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ORIGIN OF THE AVIFAUNA OF URBAN AND SUBURBAN SINGAPORE
Version of Record online: 3 APR 2008
Volume 110, Issue 3, pages 239–255, July 1968
How to Cite
Ward, P. (1968), ORIGIN OF THE AVIFAUNA OF URBAN AND SUBURBAN SINGAPORE. Ibis, 110: 239–255. doi: 10.1111/j.1474-919X.1968.tb00036.x
- Issue online: 3 APR 2008
- Version of Record online: 3 APR 2008
- Received on 3 May 1967
A list of the commoner garden and town birds of the tropical city of Singapore is given. None of them are birds of the rain forest which formerly covered the island. The majority are coastal species the natural habitats of which were mangrove and the thin fringe of savanna along parts of the east coast of the Malayan Peninsula. The reasons for this are discussed.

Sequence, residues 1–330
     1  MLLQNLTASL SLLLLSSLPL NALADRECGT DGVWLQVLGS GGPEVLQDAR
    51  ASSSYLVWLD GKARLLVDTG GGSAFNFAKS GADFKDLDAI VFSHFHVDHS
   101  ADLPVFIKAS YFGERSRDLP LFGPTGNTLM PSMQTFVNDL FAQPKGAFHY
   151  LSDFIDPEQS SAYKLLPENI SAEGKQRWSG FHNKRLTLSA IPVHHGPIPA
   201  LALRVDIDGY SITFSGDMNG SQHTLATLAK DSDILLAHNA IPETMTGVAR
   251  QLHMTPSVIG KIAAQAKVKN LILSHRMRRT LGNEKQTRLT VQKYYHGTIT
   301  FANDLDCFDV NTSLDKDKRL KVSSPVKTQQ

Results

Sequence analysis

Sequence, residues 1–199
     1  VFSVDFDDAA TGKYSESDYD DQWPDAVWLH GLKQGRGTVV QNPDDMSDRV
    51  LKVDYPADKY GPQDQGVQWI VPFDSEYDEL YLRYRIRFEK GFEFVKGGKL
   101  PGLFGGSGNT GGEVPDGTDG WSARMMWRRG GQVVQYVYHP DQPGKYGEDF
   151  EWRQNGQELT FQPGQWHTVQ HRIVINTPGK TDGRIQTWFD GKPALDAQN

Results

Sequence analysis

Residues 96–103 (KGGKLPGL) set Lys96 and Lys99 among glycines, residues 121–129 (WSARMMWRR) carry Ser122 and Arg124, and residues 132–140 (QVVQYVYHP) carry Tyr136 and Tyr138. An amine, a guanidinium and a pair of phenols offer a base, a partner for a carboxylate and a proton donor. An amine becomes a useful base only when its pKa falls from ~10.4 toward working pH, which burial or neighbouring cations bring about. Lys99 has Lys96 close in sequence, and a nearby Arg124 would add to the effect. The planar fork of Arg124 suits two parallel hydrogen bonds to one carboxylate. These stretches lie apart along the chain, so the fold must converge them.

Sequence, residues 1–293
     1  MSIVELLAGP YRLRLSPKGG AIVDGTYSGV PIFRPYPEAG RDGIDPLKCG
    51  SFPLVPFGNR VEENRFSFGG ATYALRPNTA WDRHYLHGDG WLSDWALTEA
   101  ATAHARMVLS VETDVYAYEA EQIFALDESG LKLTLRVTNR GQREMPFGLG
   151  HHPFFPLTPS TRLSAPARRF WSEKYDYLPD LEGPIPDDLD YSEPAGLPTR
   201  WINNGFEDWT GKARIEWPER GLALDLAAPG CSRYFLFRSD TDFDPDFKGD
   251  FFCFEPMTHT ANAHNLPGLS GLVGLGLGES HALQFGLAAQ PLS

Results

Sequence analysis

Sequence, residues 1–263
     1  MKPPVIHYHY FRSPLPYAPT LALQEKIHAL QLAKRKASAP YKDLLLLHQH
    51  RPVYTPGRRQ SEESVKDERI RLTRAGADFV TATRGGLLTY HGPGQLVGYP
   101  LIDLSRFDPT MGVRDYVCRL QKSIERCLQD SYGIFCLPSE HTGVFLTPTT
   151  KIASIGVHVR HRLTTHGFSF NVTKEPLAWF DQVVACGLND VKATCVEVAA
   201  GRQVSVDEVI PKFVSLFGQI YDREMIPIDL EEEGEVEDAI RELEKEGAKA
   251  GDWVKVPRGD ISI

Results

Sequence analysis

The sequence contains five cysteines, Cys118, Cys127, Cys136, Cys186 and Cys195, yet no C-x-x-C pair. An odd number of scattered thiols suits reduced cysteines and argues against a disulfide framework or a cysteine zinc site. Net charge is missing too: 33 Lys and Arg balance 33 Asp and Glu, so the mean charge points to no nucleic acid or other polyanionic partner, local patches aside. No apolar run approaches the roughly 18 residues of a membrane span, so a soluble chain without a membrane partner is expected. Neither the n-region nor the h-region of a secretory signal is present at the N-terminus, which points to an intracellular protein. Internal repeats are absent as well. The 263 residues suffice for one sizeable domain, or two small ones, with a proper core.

The number of garden species is comparatively small and many niches appear to be vacant. These are expected to be filled mainly by open country species moving down the peninsula from Burma and Thailand along the corridors being opened up by deforestation. This process has already begun, though few species have yet reached as far south as Singapore.
The garden avifauna is unstable and numerous changes in status have occurred in the last few decades; many more are predicted.